Is the Bible the Future of Politics

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by R. Gil Student

This article originally appeared in The Jewish Press

Politics needs new ideas. The recent presidential election taught us many lessons about celebrity and scandal, inaction and consequences, the limits of media and polls, and much more.

Perhaps more than anything, the election expressed the public’s widespread dissatisfaction with the political leaders of the past decade who have presided over growing social unrest, economic malaise, and global political crises. The unexpected success of angry outsider candidates Bernie Sanders and President-elect Donald Trump reflect popular rejection of both parties’ core ideologies. The voters said loudly that the old ideas don’t work and that America needs new ideas.

Or maybe it needs timeless ideas.

In mid-December a group of Christian and Jewish thinkers gathered to consider the application of biblical ideas to contemporary politics…

Continued here: link

About Gil Student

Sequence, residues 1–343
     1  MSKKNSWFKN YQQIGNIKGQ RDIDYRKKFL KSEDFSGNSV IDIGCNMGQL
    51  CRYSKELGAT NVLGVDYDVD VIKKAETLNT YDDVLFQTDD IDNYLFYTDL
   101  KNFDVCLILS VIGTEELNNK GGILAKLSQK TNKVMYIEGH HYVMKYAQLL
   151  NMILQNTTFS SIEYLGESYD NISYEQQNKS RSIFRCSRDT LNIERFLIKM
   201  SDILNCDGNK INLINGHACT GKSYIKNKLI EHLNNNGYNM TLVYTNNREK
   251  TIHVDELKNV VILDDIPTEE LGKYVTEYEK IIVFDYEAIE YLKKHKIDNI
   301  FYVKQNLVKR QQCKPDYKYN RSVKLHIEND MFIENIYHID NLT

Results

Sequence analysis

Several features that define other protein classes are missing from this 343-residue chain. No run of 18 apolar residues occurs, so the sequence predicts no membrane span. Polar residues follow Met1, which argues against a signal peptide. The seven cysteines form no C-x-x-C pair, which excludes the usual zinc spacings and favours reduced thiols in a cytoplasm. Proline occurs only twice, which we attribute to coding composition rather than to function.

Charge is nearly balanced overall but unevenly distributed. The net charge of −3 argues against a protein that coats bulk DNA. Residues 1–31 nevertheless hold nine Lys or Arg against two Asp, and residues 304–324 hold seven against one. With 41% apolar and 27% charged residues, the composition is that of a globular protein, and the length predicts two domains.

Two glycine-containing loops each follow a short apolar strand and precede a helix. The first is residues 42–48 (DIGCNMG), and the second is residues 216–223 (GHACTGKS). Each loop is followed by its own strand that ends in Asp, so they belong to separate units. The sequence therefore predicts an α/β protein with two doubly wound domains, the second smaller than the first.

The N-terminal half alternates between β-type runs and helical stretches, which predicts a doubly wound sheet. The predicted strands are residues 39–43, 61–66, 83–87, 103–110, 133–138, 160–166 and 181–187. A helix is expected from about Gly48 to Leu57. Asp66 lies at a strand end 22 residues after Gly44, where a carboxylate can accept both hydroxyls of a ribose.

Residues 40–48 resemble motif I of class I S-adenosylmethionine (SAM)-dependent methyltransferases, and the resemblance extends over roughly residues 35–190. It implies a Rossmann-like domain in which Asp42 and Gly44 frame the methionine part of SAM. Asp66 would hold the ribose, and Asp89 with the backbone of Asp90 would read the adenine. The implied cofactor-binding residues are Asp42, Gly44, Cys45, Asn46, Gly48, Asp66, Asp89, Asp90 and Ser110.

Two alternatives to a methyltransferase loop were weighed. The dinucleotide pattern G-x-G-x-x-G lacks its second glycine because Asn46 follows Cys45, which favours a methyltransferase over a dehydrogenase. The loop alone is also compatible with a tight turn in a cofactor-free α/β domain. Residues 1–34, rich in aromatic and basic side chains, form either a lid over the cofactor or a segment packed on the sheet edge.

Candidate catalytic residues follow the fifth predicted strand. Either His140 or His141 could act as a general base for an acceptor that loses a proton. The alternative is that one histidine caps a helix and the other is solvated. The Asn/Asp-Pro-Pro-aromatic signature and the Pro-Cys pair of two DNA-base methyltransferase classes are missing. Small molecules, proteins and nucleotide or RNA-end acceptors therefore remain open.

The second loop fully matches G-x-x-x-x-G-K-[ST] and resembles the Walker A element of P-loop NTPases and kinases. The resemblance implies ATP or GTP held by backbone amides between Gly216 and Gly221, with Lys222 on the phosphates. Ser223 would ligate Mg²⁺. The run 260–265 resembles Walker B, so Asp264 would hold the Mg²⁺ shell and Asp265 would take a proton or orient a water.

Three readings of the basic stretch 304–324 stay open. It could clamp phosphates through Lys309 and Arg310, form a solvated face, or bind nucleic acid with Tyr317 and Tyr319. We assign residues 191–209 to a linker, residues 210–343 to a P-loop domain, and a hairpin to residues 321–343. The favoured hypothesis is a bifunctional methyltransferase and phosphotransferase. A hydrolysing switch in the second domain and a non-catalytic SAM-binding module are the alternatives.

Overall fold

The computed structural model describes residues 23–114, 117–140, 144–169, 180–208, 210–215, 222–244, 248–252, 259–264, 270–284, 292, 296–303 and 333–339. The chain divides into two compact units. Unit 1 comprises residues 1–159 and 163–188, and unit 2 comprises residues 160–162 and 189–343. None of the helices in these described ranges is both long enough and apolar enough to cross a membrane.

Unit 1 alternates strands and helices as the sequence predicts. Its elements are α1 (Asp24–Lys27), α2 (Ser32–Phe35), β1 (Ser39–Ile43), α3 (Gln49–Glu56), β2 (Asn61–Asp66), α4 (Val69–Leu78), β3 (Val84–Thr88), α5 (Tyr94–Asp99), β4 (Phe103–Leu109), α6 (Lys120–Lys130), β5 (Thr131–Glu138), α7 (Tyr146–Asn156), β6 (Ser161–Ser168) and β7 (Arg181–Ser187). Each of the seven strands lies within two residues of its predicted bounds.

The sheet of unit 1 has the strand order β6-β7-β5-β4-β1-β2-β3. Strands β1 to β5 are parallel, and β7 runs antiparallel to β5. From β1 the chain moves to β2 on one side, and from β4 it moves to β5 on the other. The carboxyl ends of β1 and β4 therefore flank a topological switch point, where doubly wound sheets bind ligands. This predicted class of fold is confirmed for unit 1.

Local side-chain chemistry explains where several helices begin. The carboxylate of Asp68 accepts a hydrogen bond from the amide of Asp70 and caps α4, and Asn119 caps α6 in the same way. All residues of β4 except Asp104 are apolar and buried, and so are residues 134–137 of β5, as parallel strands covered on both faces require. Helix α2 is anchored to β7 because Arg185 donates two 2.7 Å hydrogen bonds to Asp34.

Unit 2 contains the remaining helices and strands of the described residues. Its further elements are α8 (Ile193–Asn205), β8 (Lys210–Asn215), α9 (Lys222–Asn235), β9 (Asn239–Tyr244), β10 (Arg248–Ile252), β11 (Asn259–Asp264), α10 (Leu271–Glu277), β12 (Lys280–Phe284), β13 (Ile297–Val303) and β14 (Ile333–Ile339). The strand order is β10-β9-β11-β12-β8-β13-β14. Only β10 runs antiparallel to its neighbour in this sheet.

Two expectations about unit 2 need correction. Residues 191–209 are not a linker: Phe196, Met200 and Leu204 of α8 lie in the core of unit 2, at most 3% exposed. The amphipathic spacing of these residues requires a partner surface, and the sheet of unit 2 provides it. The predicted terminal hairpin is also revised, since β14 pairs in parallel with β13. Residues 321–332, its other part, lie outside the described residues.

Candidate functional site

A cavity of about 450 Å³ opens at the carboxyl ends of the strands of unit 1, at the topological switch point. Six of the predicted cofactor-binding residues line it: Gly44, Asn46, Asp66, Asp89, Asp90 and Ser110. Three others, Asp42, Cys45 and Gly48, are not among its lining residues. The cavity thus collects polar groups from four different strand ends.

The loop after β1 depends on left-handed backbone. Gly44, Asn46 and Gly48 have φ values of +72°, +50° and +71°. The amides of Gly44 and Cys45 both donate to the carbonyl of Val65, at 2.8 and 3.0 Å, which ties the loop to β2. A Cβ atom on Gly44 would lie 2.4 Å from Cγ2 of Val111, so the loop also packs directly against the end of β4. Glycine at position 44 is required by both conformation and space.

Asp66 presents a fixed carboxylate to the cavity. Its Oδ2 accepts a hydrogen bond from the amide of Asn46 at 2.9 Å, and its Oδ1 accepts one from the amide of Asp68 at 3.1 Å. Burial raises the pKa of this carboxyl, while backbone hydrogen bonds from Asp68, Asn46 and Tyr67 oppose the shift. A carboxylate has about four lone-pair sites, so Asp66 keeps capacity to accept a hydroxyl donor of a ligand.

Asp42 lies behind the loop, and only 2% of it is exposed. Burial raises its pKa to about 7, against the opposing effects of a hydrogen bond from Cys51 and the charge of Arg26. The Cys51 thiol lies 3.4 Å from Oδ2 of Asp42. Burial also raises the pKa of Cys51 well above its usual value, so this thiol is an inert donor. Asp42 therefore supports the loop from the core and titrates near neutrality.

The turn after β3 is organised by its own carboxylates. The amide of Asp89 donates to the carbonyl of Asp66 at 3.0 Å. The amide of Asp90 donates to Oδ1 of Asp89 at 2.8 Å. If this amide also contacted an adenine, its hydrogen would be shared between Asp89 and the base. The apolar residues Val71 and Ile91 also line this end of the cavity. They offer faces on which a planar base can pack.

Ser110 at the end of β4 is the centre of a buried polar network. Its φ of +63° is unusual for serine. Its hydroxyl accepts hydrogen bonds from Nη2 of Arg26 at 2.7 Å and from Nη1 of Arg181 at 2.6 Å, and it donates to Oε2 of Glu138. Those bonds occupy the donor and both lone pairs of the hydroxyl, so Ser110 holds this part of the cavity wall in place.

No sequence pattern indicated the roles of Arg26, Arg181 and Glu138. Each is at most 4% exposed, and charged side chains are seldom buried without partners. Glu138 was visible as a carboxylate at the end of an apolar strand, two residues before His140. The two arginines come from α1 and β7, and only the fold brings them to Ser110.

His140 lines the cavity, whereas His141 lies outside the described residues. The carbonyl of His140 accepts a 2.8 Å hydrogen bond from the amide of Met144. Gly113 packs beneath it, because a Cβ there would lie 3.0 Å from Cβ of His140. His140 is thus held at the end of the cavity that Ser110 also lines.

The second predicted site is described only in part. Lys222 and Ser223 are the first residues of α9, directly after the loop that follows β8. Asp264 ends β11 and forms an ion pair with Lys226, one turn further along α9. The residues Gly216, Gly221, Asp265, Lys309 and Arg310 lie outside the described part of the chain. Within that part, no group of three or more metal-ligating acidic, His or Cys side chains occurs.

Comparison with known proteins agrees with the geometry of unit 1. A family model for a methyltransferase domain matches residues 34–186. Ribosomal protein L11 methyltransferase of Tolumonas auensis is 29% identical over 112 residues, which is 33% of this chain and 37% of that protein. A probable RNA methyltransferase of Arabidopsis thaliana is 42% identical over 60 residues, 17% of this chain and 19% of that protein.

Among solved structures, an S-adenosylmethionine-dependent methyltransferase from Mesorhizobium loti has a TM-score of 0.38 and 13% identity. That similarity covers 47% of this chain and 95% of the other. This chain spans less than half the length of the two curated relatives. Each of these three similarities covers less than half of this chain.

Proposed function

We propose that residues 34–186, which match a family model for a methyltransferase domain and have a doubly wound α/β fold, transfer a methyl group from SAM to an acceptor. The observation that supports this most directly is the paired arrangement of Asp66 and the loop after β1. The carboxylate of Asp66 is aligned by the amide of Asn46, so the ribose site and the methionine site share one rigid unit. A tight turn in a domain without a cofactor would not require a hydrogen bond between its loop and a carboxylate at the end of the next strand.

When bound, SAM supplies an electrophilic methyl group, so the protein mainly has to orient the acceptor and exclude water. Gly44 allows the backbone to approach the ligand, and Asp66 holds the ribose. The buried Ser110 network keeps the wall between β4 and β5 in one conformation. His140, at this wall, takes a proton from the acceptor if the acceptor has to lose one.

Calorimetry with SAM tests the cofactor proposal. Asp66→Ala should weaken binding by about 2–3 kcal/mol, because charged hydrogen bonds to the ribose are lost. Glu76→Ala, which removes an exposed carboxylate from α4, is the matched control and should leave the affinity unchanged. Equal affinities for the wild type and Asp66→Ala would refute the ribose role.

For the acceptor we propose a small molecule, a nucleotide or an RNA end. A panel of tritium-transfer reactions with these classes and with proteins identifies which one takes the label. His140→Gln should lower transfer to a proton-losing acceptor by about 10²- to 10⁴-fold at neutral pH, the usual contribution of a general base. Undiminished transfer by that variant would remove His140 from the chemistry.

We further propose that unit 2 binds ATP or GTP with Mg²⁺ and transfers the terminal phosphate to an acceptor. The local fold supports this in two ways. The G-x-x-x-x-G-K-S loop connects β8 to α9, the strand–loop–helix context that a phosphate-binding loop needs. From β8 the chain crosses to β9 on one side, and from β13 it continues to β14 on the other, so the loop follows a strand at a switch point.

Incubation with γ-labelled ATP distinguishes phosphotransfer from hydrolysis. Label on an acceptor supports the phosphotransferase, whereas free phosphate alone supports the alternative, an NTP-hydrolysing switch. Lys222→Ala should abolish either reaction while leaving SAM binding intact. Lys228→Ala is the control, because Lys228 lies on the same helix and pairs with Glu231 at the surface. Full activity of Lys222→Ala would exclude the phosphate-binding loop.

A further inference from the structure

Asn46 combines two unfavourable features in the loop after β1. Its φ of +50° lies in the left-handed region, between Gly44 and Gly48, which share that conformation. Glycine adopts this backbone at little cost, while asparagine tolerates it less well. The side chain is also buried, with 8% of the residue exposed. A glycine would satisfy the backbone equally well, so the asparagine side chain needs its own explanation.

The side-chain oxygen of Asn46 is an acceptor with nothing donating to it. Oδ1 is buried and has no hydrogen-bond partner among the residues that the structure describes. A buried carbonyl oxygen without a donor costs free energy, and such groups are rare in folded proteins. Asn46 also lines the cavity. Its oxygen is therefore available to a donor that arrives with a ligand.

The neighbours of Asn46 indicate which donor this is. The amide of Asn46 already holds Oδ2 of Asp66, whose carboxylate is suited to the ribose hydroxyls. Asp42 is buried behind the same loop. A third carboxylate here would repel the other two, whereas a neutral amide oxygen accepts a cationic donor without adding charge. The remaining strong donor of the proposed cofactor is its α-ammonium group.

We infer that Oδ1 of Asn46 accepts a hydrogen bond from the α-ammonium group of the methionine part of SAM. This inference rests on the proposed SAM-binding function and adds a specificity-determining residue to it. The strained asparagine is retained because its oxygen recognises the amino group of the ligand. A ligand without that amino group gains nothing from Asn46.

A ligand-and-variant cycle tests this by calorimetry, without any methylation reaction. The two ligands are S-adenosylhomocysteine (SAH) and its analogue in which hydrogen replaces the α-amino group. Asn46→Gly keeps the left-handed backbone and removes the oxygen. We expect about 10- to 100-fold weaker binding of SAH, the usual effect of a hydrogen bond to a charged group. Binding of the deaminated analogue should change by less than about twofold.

Rabbi Gil Student is the Editor of TorahMusings.com, a leading website on Orthodox Jewish scholarly subjects, and the Book Editor of the Orthodox Union’s Jewish Action magazine. He writes a popular column on issues of Jewish law and thought featured in newspapers and magazines, including The Jewish Link, The Jewish Echo and The Vues. In the past, he has served as the President of the small Jewish publisher Yashar Books and as the Managing Editor of OU Press. Rabbi Student has served two terms on the Executive Committee of the Rabbinical Council of America and currently serves as the Director of the Halacha Commission of the Rabbinical Alliance of America. He serves on the Editorial Boards of Jewish Action magazine, the Journal of Halacha and Contemporary Society and the Achieve Journal of Behavioral Health, Religion & Community, as well as the Board of OU Press. He has published five English books, the most recent titled Search Engine volume 2: Finding Meaning in Jewish Texts -- Jewish Leadership, and served as the American editor for Morasha Kehillat Yaakov: Essays in Honour of Chief Rabbi Lord Jonathan Sacks.

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